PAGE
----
Democratizing Culture Was a Mistake

On Taylor Lorenz's "Young Creators Are Burning Out and Breaking Down"

So I read Taylor Lorenz’s piece about teen creators yesterday. (Yes, I know I am behind the media cycle!) They're burnt out, they're anxious, they feel like their mental health is in decline. These are the symptoms of teens participating in the high stakes world of internet culture. This is what it’s like to be a teen operating in a democratized culture.

It reminded me of a conversation I had with my friend Charlie. We were talking about the unionization efforts Condé Nast—my instinct, and I'm sorry, I'm a pessimist—is that it won't work out. People outside the culture industries are easy to work up into a lather about the abysmal pay. “People go to Yale? And this is their starting salary??!” It makes no sense to people other than as some weird ritual abuse, a hazing if you will.

The thing is: this dynamic holds across all culture industries—not just those struggling financially due to the unholy duopoly that now controls media buys and advertising spend (Google + Facebook). We have to ask, “Why?” Artists and writers and curators and editors and journalists and fashion designers and models all see the same extreme inequality in pay. Some people take home eye-watering incomes, others crumbs.

Competition is fierce and grueling and long. The reality is: for every person who can't handle keeping up appearances in Manhattan on $25,000 a year, there is someone else who will. Each June a new crop of Ivy League graduates are chomping. A hoard of precocious creatives from Providence and New Haven and Cambridge descends on New York.

Clearly many have family money or spousal support or some other supplemental income that makes the poverty wages workable. This isn't so much a bug, as a feature. It is what social scientist Peter Turchin calls elite overproduction. There are only so many slots for “famous artist” or “famous actress” in the world. (And this panic is by no means only in aspirational culture industries—Ross Douthat had a good summary of the broader phenomena and how it affects college students last summer.)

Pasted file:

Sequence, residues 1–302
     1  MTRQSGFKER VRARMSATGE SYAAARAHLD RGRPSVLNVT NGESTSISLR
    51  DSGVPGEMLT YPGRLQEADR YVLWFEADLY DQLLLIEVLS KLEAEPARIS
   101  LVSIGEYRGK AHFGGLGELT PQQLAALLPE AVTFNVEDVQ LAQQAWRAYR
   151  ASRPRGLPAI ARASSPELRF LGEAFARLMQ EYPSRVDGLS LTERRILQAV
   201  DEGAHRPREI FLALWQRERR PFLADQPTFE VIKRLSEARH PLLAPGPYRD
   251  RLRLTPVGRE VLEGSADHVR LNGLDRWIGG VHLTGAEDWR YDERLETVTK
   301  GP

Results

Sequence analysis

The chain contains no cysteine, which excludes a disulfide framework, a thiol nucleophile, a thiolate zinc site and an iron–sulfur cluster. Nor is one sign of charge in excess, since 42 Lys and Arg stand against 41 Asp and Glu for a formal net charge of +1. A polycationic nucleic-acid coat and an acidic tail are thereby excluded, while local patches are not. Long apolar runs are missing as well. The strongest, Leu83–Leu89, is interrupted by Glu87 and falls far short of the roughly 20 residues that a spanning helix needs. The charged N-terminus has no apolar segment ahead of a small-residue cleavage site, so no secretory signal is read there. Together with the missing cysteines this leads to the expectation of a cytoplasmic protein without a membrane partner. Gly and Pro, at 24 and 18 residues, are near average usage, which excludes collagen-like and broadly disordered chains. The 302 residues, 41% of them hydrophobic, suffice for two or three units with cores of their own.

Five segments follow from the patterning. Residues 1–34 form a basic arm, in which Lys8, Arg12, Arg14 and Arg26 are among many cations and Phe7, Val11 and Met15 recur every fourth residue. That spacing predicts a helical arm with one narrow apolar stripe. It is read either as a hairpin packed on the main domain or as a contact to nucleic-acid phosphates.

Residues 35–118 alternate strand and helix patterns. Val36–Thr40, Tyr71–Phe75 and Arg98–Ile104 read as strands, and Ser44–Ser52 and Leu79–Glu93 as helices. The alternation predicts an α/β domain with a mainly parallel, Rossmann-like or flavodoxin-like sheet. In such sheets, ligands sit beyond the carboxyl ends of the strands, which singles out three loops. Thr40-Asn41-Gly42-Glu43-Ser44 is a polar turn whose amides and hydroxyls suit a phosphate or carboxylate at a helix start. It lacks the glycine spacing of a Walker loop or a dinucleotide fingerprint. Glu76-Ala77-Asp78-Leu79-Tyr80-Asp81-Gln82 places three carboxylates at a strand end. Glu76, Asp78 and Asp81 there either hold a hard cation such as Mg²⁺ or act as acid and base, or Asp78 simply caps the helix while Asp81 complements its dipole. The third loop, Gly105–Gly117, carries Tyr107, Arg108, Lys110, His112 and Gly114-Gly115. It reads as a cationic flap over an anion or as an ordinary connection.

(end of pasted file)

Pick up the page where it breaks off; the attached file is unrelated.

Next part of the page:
Many would give anything for that social position. In cases such as Armie Hammer’s—they will even try to buy it… The problem is you can’t really buy fame and adoration anymore. It certainly helps, gives you a longer runway. But it’s by no means definitive. In the past when the culture industries were *gasp* gatekept, your dad might be able to bribe Harvey Weinstein or Rick Rubin or Anna Wintour to let you into their elite club. Today, everyone is competing for the attention of the demos. It’s a tired refrain: but with social media, everyone has roughly the same tools.

Even worse: everyone has the same status-seeking, hierarchically attuned monkey brain. I know some people will argue this is all due to capitalism. And that’s somewhat true. But the arts were simply gatekept by a different cast of characters in the Soviet Union. I don’t think socialism will solve this one. Maybe engineering a new humanoid species whose baseline instincts didn’t evolve from the other great apes?

I read somewhere that if your job is more appealing because of the perks than because of the salary, you're probably participating in elite overproduction. There are simply more willing martyrs than there are seats at the table (and in all likelihood, money to go around.) I’m not going to argue the perks aren’t good. The perks are good! Don't get me wrong! During the K-HOLE era, I was more than happy to take a modest fee in exchange for international travel and exclusive parties. The free dinners and booze didn’t hurt either.